This notion is Ticketmaster’s way of searching their database and giving you whatever they deem is the ‘best available.  Note, however, that most outlets won’t let you specifically search or ask for tickets in other sections even if it doesn’t show to ‘Best Available’.  Yet, they may be available.  For example, I’ve specifically searched for seats in lower prom sections and found tickets there even when ‘Best Available’ shows to be upper prom.  So, whatever algorithm that Ticketmaster has written is completely flawed and doesn’t work (or is intentionally designed to NOT give you best available).

Released Tickets

Granted, some promotors do hold back sections of seats for their own use.  Some may be reserved for other purposes and some may be reserved for the venue to sell directly.  When these seats aren’t sold, given away or whatever, they are then released to Ticketmaster.  These seats (some front row seats) can appear even just hours before the event!  I have found front row seating for several events the day of the concert simply just poking around looking for tickets in Ticketmaster’s computer.    Granted, when you find them, you have to be willing to purchase them immediately because any of the other thousands of outlets could also be looking for them too.   For example, I had found front row seats for Neil Diamond (back during his heyday) and front row lower prom for Stevie Nicks (back in her heyday) within one or two days of the event.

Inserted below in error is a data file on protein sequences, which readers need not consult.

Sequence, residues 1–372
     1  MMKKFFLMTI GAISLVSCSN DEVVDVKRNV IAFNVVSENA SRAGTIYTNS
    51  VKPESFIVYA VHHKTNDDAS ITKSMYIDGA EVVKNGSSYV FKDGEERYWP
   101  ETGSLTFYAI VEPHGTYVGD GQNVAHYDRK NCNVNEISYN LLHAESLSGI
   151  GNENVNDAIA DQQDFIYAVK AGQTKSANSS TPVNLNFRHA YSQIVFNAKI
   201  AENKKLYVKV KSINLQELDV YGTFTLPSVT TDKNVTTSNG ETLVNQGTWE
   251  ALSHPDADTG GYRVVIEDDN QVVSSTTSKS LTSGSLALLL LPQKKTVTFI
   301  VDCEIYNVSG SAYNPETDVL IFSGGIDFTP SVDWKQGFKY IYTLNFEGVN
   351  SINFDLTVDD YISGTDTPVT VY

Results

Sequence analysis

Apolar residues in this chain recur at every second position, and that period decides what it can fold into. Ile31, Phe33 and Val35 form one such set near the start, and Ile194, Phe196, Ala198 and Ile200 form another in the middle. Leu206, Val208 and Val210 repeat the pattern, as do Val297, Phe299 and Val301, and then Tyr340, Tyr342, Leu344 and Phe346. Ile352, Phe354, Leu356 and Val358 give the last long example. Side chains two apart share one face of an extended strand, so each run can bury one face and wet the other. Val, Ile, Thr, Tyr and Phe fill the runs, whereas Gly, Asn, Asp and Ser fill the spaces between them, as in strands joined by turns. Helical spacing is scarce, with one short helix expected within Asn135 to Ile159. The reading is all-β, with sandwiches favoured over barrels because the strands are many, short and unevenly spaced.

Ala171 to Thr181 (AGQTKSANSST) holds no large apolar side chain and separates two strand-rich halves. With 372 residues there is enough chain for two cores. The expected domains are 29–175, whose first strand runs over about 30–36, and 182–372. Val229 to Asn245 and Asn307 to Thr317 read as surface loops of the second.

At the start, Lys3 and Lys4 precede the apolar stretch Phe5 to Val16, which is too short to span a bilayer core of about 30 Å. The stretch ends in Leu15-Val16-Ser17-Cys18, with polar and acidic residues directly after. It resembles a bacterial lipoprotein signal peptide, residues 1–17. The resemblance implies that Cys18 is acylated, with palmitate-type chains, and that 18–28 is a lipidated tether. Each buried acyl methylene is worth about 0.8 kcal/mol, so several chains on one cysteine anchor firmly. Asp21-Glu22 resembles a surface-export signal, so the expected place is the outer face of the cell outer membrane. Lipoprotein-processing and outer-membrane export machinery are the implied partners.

Fees and more fees 

Ticketmaster now charges $12-$20 per ticket convenience charge.  Ticketmaster might as well be considered scalpers. In 1979, tickets to concerts COST $15.00.  The cost of Ticketmaster’s convenience charge is now close to or more than the event ticket cost in 1979!  For example, with Britney Spear’s 2009 tour tickets, why would you give Ticketmaster $18.75 for you to go to the web, search for ‘Best Available’ and then issue and print your  own tickets?  It doesn’t cost $18.75 to print two paper tickets and mail them.  The cost for that process is perhaps no more than $2.  $1 total for the ticket paper, ink and envelope and $1 for postage.  Ok, so there might be a small fee incurred in hand carrying the envlope to the post… So maybe $3.  Paying $18.75 for $3 worth of materials is outrageous.  If you choose to print your own tickets from your printer, they STILL charge you!  Yet, you paid for the paper and ink.

Online Ticketmaster